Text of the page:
Bluetooth Low Energy – direction finding

Since 2019 when the Bluetooth Special Interest Group announced a direction-finding feature based on angles finding in their specification for Bluetooth 5.1 I was impatient to check if it is working!

Unfortunately, there is no mutch commercial DevKits or solutions to verify that feature, nevertheless, luckily now one of our engineers Arkadiusz Jagodzinski has prepared a custom HW solution based on the Nordic nRF52811 chip and verify how this feature works and how accurate it is based on measurements in special EM isolated chamber. In this first post I’d like to share with you 

Bluetooth Low Energy Location Services

Bluetooth Low Energy is one of the most popular wireless technology standards. Around 4 billion Bluetooth enabled devices were shipped to the market in 2020. This number will grow and annual Bluetooth device shipments will exceed 6 billion by 2025 according to Bluetooth SIG forecast.

One of the Bluetooth key features is location services. 119 Million devices that use location services were shipped in 2020, mostly for Indoor Navigation and Point of Interest Information purposes.

Until now Bluetooth location services solutions were using Received Signal Strength Indicator. RSSI measurements allow determining the presence of a device or rough distance estimation to it.

Source: Enhancing Bluetooth Location Services with Direction Finding, bluetooth.com

By using some more sophisticated approaches Real-time Locating Systems and Indoor Positioning Systems are also possible by mixing together RSSI measurements, multiple transmitters or receivers and trilateration.

Source: Enhancing Bluetooth Location Services with Direction Finding, bluetooth.com

Bluetooth Direction Finding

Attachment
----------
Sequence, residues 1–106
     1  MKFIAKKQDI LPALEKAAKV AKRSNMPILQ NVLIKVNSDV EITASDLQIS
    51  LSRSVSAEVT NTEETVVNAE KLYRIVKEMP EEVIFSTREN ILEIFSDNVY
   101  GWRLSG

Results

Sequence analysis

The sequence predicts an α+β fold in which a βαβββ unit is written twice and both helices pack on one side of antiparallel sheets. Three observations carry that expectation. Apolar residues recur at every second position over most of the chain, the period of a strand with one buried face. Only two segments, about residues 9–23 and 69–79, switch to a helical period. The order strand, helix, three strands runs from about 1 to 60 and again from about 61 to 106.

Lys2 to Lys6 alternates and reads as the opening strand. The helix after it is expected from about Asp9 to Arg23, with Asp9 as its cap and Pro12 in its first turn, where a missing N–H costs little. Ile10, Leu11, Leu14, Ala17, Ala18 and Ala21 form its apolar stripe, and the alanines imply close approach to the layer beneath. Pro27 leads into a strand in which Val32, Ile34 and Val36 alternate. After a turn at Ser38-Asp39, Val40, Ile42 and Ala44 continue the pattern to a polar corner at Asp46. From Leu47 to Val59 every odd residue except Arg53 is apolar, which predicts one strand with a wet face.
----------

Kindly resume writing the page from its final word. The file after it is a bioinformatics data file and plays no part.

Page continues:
In 2019 Bluetooth SIG announced Bluetooth 5.1 specification which introduces Direction 

Finding features designed to improve location services. Direction Finding makes it possible to determine the direction of the received signal by using an antenna array and signal-phase comparisons.

Direction finding delivers two methods: Angle of Arrival (AoA) and Angle of Departure (AoD) which use the same principles.

In both methods, there are two devices: transmitter and receiver. The transmitter transmits Constant Tone Extension (CTE) signal after the regular BLE packet. The receiver role is to sample that signal and calculate the angle from which the signal comes.

In Angle of Arrival:

  • The transmitter has one antenna.
  • The receiver has an antenna array and it switches antennas when receiving CTE signal from the transmitter.

The angle of Departure is slightly different:

  • Transmitter has an antenna array and it does the switching when transmitting.
  • The receiver has only one antenna used to sample CTE signal from the transmitter.
Source: Enhancing Bluetooth Location Services with Direction Finding, bluetooth.com

Angle Estimation

After the sampling phase, we have IQ samples linked to each antenna. IQ samples represent the phase and amplitude of a signal. Using this data it is possible to calculate the signal phase difference between each antenna. Then using some trigonometry it is possible to calculate the angle of arrival.

Example angle of arrival estimation using two antennas in the receiver:

Using phase difference to derive angle of arrival

Source: Bluetooth Direction Finding A Technical Overview, Martin Woolley, 22 February 2021

Exploring Angle of Arrival method

In cooperation with Wrocław University of Science and Technology we will explore Angle of Arrival capabilities, mainly we will focus on examining the accuracy of:

  • Estimation of the angle of the transmitter to the receiver.
  • Transmitter positioning in 2D when using two receivers.

To do it we will use custom boards with Nordic nRF52811 chip and a uniform circular antenna array that can contain up to 8 antennas.

Sources: